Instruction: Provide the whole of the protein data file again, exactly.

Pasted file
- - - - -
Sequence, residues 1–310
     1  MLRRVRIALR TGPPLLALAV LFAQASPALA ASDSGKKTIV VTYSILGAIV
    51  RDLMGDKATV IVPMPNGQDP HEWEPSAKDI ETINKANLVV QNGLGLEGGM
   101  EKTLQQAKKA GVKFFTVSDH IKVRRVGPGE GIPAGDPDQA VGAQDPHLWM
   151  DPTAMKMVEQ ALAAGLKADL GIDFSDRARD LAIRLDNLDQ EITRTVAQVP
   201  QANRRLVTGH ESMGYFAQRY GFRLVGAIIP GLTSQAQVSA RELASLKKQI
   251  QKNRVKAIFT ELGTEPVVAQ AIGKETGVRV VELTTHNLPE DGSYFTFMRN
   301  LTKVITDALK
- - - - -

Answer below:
Sequence, residues 1–310
     1  MLRRVRIALR TGPPLLALAV LFAQASPALA ASDSGKKTIV VTYSILGAIV
    51  RDLMGDKATV IVPMPNGQDP HEWEPSAKDI ETINKANLVV QNGLGLEGGM
   101  EKTLQQAKKA GVKFFTVSDH IKVRRVGPGE GIPAGDPDQA VGAQDPHLWM
   151  DPTAMKMVEQ ALAAGLKADL GIDFSDRARD LAIRLDNLDQ EITRTVAQVP
   201  QANRRLVTGH ESMGYFAQRY GFRLVGAIIP GLTSQAQVSA RELASLKKQI
   251  QKNRVKAIFT ELGTEPVVAQ AIGKETGVRV VELTTHNLPE DGSYFTFMRN
   301  LTKVITDALK